Objectification theory has yielded mixed results when utilized to explain male's body image concerns. This study investigated whether a revised model of objectification theory would represent the processes associated with male's engagement in muscle dysmorphia (MD) characteristics. Specifically the mediating role of body shame, which has previously been used to explain the psychological consequences of self-objectification among women, was substituted for muscular dissatisfaction to capture the male experience. A sample of 257 male (Mage = 29.7, SD = 11.2), the majority from Australia, completed an online questionnaire assessing measures of internalization of the mesomorphic ideal, body surveillance, self-objectification, muscular dissatisfaction, and MD characteristics. Path analyses were used to investigate the relationships among these variables. Results indicated that internalization of the mesomorphic ideal mediated body surveillance through self-objectification; consistent with previous research on objectification theory. Muscular dissatisfaction mediated the link of body surveillance with MD characteristics. Additionally, muscular dissatisfaction mediated the link between internalization of the mesomorphic ideal and MD characteristics. Taken together, these findings support the utility of objectification theory in understanding the processes under which MD characteristics are likely to emerge.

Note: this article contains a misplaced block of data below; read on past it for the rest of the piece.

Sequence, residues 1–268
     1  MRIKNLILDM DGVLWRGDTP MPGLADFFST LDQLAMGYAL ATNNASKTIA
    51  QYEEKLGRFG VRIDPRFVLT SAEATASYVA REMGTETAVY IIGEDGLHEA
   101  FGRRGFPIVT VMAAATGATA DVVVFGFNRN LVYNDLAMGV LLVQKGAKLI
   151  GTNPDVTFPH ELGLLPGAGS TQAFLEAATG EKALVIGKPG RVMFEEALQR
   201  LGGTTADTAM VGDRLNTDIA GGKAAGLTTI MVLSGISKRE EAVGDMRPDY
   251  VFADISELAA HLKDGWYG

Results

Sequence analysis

- Male body image
- Muscle dysmorphia characteristics
- Muscular dissatisfaction
- Objectification theory
Heath, B., Tod, D. A., Kannis-Dymand, L., & Lovell, G. P. (2016). The relationship between objectification theory and muscle dysmorphia characteristics in men. Psychology of Men and Masculinity, 17(3), 297-308. https://doi.org/10.1037/men0000022